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 Saturation  In color theory, saturation or purity is the intensity of a specific hue. It is based on the color's purity; a highly saturated hue has a vivid, intense color, while a less saturated hue appears more muted and grey. With no saturation at all, the hue becomes a shade of gray. Saturation is one of three coordinates in the HSL color space and the HSV color space. The saturation of a color is determined by a combination of light intensity and how much it is distributed across the spectrum of different wavelengths. The purest color is achieved by using just one wavelength at a high intensity such as in laser light. If the intensity drops the saturation also drops.
 Scalable Mode
  Scalable mode allows selection of an area within a full image for output.
 Sensitivity  Sensitivity is a measure of how sensitive the camera sensor is to light input. Unfortunately there is no standardized method of describing sensitivity for digital CCD or CMOS cameras.
 Sensor Frame Rate  Frame rate, sample rate, capture rate and image (or camera) speed are interchangeable terms. Measured in frames per second, the imager's speed is one of the most important considerations in motion capture analysis. The frame rate is determined after considering the speed of the event, the size of the area under study, the number of images needed to obtain all the event's essential information, and the frame rates that are available from the motion analyzer being used. For example, at 1,000 fps, a picture is taken once every millisecond.
 Sentry 9000
  High Performance CPU - Integrated Support for Area and Line Scan Cameras - Multiple Camera Integration - Flexible Image Trigger - Direct Digital I/O Signal Interface - LCD Touch Panel - Compact Factory Ready Industrial Package - Variety of Communication Interface Options
 Shading  The variation of the brightness or relative illumination over the surface of an object, often caused by color variations or surface curvature.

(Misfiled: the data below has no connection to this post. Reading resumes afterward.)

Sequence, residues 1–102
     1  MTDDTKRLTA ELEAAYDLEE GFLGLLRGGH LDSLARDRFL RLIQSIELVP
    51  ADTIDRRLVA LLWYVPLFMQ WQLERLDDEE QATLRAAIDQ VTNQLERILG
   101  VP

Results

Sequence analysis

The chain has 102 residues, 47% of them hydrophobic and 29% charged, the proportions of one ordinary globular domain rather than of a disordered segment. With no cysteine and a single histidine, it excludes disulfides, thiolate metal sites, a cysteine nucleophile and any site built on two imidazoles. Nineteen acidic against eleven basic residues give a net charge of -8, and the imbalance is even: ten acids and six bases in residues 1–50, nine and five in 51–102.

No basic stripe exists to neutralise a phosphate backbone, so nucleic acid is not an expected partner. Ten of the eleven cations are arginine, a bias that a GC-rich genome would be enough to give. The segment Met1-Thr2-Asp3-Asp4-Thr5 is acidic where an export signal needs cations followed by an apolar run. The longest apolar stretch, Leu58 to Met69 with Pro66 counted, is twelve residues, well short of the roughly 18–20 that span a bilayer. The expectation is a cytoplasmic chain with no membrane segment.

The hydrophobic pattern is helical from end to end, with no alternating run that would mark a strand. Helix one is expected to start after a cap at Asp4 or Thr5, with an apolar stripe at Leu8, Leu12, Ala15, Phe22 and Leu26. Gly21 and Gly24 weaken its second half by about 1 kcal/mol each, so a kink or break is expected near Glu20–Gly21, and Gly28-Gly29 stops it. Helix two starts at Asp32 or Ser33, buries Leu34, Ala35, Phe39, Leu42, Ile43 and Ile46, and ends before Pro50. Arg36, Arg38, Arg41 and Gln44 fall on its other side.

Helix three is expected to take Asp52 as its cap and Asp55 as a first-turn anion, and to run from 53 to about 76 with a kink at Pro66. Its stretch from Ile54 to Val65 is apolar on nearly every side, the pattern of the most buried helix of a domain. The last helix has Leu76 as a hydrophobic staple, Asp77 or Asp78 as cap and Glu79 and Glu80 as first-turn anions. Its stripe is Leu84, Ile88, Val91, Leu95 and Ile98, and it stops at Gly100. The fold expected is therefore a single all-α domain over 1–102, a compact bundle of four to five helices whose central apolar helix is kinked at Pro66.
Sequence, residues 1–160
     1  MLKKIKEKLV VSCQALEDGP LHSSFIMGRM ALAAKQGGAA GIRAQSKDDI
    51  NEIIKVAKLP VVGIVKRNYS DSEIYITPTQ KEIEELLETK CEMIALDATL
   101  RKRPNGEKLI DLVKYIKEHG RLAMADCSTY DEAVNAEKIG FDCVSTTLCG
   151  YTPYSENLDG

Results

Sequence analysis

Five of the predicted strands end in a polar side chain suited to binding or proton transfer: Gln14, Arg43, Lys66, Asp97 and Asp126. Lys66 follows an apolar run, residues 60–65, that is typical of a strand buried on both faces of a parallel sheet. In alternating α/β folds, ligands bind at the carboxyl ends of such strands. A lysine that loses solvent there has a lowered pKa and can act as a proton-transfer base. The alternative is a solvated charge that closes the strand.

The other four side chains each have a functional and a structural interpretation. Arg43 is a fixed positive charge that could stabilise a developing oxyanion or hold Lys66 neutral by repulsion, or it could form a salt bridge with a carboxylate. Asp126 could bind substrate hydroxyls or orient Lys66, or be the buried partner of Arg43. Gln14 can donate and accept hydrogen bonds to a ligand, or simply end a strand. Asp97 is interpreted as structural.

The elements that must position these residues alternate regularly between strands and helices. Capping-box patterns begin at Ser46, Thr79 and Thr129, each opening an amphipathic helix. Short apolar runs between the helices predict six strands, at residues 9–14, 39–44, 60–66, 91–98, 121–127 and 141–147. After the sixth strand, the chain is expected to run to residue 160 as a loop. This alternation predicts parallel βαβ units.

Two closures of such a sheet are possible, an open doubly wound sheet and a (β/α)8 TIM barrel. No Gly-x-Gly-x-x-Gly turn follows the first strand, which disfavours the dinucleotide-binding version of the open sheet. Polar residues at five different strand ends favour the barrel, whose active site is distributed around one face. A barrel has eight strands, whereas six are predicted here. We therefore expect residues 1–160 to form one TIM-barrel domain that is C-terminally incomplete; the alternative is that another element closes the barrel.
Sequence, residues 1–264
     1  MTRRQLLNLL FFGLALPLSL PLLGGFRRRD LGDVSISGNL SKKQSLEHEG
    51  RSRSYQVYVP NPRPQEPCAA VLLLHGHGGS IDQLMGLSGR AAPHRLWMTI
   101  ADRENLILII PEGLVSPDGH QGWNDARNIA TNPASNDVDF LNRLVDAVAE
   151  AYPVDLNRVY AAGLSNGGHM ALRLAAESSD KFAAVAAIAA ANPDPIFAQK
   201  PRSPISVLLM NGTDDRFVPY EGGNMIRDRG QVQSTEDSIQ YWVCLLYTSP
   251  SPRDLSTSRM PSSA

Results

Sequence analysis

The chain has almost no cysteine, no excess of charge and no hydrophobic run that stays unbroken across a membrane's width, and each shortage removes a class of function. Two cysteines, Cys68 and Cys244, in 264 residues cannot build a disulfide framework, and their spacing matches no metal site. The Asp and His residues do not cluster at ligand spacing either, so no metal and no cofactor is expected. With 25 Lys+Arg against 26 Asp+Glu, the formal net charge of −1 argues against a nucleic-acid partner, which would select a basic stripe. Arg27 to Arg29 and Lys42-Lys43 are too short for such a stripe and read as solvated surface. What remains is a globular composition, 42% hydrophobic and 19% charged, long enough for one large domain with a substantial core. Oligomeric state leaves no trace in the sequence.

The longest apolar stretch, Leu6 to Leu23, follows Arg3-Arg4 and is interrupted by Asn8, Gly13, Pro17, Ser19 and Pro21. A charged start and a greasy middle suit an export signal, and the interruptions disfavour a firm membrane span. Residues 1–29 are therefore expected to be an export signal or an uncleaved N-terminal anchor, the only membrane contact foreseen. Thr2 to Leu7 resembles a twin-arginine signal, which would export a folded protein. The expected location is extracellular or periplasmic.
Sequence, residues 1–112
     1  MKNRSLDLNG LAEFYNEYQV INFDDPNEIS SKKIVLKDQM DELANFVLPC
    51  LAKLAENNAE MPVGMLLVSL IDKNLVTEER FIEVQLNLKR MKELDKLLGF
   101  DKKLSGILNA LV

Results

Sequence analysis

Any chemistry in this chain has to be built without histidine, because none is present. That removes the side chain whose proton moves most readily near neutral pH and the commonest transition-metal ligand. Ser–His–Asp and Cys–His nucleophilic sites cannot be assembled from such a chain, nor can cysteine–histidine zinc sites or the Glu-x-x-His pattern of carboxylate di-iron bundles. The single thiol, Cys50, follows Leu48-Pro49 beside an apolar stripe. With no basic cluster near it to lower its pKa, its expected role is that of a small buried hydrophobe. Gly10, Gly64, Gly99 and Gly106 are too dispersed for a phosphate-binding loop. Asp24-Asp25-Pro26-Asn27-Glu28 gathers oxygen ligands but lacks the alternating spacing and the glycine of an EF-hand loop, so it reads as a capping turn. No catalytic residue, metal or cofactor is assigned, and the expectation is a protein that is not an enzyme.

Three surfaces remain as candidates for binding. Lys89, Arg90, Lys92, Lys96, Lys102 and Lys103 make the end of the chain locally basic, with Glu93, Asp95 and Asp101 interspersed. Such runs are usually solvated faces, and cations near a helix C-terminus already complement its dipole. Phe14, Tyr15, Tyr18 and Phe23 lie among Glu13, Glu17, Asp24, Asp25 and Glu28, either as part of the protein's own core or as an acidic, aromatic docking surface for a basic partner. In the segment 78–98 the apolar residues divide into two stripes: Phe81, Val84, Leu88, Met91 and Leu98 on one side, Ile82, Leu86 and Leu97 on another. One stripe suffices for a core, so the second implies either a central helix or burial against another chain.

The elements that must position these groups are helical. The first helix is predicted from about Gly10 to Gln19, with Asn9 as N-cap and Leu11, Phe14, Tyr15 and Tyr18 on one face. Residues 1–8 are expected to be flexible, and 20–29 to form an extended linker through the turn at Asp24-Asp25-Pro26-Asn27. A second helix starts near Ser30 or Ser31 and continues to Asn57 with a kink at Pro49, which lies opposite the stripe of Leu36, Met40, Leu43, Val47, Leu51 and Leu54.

Signal-to-noise Ratio
  Also called SNR; Signal-to-noise ratio specifies the quality of a signal with regard to its reproduction of intensities. The value signifies how high the ratio of noise is in regard to the maximum wanted signal intensity expected. The higher this value, the better the signal quality. The unit of measurement used is generally known as the decibel (dB), a logarithmic power level. 6 dB is the signal level at approximately a factor of 2. However, the advantages of increasing signal quality are accompanied by a reduction in resolution.
 Signal-to-noise Separation
  Signal-to-noise separation specifies the quality of a signal with regard to its reproduction of intensities. The value signifies how high the ratio of noise is in regard to the maximum wanted signal intensity expected. The higher this value, the better the signal quality. The unit of measurement used is generally known as the decibel (dB), a logarithmic power level. 6 dB is the signal level at approximately a factor of 2. However, the advantages of increasing signal quality are accompanied by a reduction in resolution.
 Smart Camera
  A term for a complete vision system contained in the camera body itself, including imaging, image processing and decision making functions. While the common smart cameras are intended just for the dedicated systems, the latest PC technology enables development of devices fully compatible with desktop PCs. This category of smart cameras thus provides a standard API and thus much wider functionality.
 Smart Sensor  A photo sensor with minimal vision algorithms